Volunteerism, spirit abound in celebration of MLK
Nearly 300 turn out for Brandeis-based service day led by Protestant chaplain
The number was nearly double what was expected the day before the events – a development that Brandeis Protestant chaplain Alexander Levering Kern coped with in frazzled elation.
“This is the most diverse gathering in recent memory of the Brandeis community and other communities for purposes of service and civic engagement,” said Kern, who also is executive director of Cooperative Metropolitan Ministries, an interfaith group that organized the day and won the Massachusetts Service Alliance grant that paid for food, transportation and other expenses. These efforts were featured in MLK Day reports of the Boston Globe and the Waltham News Tribune.
“New vanloads of people just kept arriving,” Kern said. “We eventually stopped counting and registering them.”
The day of service -- which volunteers spent working on projects in support of southern Sudan and Haiti, doing outreach to homeless people and low-income neighborhoods threatened with home foreclosures and other activities -- was followed by a King Day program in the Shapiro Campus Center focusing on the role of women in civil rights and social justice work.
The rollicking evening of high-spirited poetry, music and speech, organized by poet and Dean of Student Life Jamele Adams, was capped by the Rev. Gloria White-Hammond, a well-known, Boston-based advocate for Africa and for disadvantaged communities in America, who reminded the packed house in the campus center theater that “well-behaved women rarely make history” and challenged female members of the audience to be “warrior women.”
“I am looking for women who are poorly behaved and willing to act out and speak out in the cause of social justice,” she said, proceeding to tell stories from her own experience and the lives of others to encourage young women to step forward with courage and determination.
Perhaps most poignant was White-Hammond’s recollection of her first travels to conflict zones in Africa. She now has made 20 trips to southern Sudan, Darfur and Chad, and has served as national chair of the Million Voices for Darfur campaign, but when she first “saw the face of genocide” and was unaccustomed to getting off a plane and looking for a fox-hole, “I cried and cried and said, ‘God, I can’t do this,’” White-Hammond said. “And in that moment God began to minister to me.”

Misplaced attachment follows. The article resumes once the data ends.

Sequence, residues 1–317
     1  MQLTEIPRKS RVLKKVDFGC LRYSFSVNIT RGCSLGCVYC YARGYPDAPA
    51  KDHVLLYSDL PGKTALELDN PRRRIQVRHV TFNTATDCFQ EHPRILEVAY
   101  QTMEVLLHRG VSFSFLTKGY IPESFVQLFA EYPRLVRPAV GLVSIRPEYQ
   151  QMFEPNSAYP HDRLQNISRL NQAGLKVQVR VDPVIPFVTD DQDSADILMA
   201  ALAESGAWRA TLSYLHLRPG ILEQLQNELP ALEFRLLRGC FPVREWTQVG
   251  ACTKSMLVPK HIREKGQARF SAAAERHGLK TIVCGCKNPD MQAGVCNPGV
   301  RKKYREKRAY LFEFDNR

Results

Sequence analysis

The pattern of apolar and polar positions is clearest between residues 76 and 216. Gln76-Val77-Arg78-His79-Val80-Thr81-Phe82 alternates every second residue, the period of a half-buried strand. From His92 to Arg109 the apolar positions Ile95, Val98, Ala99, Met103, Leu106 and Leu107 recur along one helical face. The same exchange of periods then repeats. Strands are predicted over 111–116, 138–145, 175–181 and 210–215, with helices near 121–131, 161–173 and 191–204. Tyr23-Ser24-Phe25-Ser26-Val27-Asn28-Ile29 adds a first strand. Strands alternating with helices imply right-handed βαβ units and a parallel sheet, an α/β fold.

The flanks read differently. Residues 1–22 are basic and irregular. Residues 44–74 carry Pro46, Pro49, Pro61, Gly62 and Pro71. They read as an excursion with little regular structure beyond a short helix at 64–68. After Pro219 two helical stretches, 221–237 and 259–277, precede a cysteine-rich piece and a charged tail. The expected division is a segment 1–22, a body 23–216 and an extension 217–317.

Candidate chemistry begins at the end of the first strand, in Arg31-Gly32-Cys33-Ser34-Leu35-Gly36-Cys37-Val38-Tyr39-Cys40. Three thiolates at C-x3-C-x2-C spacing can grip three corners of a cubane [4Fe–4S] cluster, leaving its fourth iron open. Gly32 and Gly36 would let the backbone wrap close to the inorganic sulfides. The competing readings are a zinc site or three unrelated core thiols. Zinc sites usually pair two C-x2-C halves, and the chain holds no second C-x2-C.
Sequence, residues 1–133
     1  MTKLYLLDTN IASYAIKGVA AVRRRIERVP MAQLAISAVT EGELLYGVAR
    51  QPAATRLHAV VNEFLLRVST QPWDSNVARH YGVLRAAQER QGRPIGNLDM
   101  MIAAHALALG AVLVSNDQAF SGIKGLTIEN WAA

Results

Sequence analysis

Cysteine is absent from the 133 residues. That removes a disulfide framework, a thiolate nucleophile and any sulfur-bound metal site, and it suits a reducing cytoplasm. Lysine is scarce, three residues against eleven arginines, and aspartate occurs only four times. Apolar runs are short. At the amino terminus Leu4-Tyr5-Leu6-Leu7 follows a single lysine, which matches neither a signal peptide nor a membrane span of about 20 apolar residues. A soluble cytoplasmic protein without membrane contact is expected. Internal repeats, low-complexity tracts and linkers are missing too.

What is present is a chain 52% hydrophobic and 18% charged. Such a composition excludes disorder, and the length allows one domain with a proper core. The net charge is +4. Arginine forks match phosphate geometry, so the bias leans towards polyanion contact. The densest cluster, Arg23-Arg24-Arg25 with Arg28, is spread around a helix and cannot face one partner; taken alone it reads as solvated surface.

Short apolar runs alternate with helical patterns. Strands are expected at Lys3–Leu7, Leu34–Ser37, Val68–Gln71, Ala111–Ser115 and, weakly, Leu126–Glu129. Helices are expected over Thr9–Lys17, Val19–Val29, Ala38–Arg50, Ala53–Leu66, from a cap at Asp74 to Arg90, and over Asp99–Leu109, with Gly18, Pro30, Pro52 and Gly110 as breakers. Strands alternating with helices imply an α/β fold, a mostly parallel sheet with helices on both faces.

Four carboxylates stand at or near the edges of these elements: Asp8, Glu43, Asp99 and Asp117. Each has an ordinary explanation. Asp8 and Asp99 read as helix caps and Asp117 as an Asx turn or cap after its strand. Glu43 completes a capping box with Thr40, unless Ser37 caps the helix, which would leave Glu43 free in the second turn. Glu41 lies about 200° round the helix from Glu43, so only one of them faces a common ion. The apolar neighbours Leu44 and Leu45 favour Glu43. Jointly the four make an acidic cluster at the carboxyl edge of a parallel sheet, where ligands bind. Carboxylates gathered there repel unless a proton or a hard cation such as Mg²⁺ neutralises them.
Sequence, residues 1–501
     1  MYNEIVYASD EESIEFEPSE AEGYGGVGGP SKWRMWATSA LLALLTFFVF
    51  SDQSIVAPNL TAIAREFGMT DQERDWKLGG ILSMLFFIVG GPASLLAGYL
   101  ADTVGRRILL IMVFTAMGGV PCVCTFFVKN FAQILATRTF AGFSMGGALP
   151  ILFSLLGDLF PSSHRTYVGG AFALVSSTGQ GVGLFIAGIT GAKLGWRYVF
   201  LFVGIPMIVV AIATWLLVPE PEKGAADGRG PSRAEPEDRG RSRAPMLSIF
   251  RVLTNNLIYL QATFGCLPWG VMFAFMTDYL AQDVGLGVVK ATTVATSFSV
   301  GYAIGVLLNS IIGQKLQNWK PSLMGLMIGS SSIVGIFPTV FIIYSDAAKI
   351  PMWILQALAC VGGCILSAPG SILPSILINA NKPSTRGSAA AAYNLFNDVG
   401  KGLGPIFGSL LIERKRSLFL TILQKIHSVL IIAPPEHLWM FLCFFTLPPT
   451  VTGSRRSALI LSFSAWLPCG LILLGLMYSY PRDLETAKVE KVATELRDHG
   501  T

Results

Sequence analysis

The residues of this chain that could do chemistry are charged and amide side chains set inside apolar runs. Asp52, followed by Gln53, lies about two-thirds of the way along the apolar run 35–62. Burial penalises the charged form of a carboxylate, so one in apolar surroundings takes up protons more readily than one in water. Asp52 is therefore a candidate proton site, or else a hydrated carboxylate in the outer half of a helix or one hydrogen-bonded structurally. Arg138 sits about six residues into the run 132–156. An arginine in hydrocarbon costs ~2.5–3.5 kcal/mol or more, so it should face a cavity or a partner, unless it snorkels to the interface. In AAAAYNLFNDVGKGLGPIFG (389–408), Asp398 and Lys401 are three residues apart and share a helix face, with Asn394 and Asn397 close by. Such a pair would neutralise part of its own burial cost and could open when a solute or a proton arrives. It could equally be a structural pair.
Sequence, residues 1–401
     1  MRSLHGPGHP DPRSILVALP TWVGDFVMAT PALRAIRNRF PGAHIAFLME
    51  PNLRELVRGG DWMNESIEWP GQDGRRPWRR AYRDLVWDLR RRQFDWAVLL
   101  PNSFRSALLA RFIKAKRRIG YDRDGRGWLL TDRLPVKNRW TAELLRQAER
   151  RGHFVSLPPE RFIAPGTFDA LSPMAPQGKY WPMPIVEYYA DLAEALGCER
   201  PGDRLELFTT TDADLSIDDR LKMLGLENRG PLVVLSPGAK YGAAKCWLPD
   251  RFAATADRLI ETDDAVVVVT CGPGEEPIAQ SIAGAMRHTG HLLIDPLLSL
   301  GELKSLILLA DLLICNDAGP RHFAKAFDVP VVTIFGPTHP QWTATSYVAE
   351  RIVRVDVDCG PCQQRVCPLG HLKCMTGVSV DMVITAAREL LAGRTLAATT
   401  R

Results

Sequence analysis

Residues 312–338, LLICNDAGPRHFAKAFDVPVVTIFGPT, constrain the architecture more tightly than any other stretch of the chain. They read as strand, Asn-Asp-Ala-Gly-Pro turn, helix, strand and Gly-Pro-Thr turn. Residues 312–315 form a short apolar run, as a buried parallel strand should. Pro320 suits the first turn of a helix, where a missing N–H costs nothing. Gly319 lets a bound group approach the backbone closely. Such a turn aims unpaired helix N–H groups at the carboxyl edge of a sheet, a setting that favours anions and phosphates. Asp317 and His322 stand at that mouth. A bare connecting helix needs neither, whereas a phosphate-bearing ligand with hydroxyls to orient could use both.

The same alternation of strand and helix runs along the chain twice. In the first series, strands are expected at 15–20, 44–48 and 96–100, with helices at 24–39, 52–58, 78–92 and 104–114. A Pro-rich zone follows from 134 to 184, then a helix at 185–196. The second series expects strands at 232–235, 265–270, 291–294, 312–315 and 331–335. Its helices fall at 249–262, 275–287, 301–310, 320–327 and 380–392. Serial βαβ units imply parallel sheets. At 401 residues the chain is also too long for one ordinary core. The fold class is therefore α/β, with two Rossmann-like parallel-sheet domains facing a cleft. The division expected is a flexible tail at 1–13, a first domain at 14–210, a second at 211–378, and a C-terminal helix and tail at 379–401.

She assured the audience that, at some point, all people, even giants like Dr. King, have doubts about themselves.
“Warrior women and warrior men inevitably will hit a wall and have to decide whether to move forward in courage or shrink back in fear,” White-Hammond said. “Warrior women must step forward with determination, because the reality is that this is very hard work.”
To the roar of the audience, she concluded: “Just do it!”
The day of volunteer service was sponsored by the Brandeis University Chaplaincy, the Brandeis Haiti Initiative and the Martin Luther King Scholars and Friends.
Imam Abdallah Ddumba, a volunteer who is enrolled in the master’s program in coexistence and conflict, worked in a group doing outreach to homeless families living in a Waltham motel.
“Our goal was to share the vision and history of Martin Luther King and what he preached,” Ddumba said. “We wanted to share that comfort and say we were there for them.” In the process, he said, he learned how disconnected people in need of services can be from the people who are trying to serve them.
One of the more original projects was led by Mangok Bol, a member of the Dinka tribe from southern Sudan. After leading a group of about 30 volunteers in learning about Sudan and remembering its people in prayer, Kern said, Bol and a friend helped group members create clay cows – an artform of the Dinka – that will be sold to raise money for the Sudanese Education Fund.
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